2. Call the mul function and pass it the input argument 3 but let the interface description language (IDL) parse the argument type by running the following command:

    dfx canister call calc mul '(3)'

    Verify that the command returns the value expected for the mul function. For example, the program displays output similar to the following:

    (30)
  3. Call the sub function and pass it the input argument 5 of type number by running the following command:

    dfx canister call calc sub 5 --type number

    Verify that the command returns the value expected for the sub function. For example, the program displays output similar to the following:

    (25)
  4. Call the div function and pass it the input argument 5 but let the interface description language (IDL) parse the argument type by running the following command:

    dfx canister call calc div '(5)'

    Verify that the command returns the value expected for the div function. For example, the program displays output similar to the following:

    (opt 5)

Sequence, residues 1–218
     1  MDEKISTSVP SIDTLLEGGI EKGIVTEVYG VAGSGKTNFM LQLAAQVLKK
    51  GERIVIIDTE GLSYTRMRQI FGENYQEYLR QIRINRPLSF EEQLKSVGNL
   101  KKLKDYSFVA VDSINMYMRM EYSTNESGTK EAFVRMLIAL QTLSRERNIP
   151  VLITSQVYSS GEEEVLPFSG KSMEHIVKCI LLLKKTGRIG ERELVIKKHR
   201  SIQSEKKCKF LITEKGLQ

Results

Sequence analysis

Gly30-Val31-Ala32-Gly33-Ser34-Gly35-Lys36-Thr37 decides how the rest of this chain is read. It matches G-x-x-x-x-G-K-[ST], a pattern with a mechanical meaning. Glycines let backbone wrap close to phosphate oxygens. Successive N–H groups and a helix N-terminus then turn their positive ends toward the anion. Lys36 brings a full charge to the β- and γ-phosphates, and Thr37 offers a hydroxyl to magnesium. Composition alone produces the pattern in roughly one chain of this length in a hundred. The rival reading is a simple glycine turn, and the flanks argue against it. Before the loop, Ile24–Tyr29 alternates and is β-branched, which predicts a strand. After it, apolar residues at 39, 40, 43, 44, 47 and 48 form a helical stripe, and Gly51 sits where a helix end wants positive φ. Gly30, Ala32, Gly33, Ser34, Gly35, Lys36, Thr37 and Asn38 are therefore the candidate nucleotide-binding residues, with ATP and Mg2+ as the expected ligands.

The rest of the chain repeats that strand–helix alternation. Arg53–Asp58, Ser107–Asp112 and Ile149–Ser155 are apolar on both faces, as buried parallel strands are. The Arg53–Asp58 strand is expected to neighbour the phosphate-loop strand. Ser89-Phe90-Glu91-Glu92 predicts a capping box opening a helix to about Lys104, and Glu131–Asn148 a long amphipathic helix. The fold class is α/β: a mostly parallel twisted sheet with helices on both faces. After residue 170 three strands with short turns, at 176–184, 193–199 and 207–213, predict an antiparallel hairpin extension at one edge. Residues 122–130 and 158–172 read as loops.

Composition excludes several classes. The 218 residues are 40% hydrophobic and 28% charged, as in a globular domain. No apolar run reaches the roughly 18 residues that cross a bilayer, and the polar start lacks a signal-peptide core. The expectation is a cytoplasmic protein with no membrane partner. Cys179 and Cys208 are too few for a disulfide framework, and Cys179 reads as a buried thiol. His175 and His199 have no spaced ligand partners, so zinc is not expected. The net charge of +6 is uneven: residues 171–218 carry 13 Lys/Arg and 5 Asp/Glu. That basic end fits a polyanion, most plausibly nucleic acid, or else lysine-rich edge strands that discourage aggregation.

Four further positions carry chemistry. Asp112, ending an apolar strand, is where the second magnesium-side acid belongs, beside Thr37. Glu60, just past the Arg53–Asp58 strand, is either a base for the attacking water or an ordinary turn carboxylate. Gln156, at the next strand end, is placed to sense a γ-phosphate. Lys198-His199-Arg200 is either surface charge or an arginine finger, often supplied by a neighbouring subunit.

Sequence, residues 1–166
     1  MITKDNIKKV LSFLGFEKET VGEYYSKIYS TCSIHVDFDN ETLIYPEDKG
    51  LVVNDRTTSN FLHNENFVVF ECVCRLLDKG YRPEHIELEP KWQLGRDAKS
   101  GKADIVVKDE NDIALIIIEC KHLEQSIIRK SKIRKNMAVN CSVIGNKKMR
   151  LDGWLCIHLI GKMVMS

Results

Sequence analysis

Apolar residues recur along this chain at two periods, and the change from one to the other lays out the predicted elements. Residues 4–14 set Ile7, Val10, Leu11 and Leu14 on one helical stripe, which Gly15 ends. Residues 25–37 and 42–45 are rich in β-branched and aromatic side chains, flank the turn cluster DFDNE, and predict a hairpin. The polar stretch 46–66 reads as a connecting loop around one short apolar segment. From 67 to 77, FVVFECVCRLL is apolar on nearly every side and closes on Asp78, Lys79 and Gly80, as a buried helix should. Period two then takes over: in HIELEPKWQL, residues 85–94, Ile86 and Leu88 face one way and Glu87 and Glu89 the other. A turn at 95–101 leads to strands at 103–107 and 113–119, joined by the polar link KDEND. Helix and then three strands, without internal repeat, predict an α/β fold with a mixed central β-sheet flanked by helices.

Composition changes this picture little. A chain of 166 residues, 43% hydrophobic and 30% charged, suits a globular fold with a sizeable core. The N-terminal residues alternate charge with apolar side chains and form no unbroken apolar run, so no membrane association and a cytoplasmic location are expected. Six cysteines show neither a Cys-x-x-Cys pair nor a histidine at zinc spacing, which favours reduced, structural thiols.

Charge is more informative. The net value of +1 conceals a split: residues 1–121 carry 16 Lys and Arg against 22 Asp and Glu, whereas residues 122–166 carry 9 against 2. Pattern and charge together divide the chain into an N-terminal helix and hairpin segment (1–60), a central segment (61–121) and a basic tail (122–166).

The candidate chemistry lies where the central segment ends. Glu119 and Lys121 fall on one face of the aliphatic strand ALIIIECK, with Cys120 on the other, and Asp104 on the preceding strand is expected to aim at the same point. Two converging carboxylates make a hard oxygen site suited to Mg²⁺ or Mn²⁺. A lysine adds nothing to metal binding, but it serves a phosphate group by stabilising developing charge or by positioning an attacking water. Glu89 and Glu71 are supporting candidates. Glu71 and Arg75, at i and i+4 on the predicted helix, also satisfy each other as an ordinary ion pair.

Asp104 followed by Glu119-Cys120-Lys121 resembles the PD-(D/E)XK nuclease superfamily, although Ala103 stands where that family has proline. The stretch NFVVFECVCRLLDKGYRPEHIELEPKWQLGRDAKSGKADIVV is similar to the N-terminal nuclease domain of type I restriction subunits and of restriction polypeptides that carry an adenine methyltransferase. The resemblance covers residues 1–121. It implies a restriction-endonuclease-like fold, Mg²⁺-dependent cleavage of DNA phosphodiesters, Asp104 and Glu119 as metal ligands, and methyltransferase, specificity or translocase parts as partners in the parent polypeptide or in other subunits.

5. Call the clearall function and verify it resets the cell value to zero:

    dfx canister call calc clearall

    For example, the program displays output similar to the following:

    (0)

Testing functions in a browser

The canister interface description language—often referred to as Candid or more generally as the IDL—provides a common language for specifying the signature of a canister service. The language provides a unified way of interacting with canisters in various languages and tools, such as the dfx command-line interface, JavaScript, and Motoko.

Based on the type signature of the actor, Candid provides a web interface that allows you to call canister functions for testing and debugging.

To use the Candid web interface to test canister functions:

  1. Deploy your project using the dfx canister install command and copy the canister identifier that begins with the ic: prefix.

  2. Open a browser and navigate to the address and port number specified in the dfx.json configuration file.

    By default, the URL uses the localhost address (127.0.0.1) and port number 8000.

  3. Add the candid endpoint to access the Candid web interface followed by the required canisterId parameter and canister identifier.

    For example, the full URL should look similar to the following but with the ic:_canister_identifier_ that was returned by the dfx canister install command:

    http://localhost:8000/candid?canisterId=ic:81DDA04F69F40FEEAC
  4. Review the list of function calls and types defined in the program.

  5. Type a value of the appropriate type for a function or click Lucky to generate a value, then click Call or Query to see the result.

    Calculator functions

Stop the local network

  1. Stop the Internet Computer processes running on your local computer by running the following command:

    dfx stop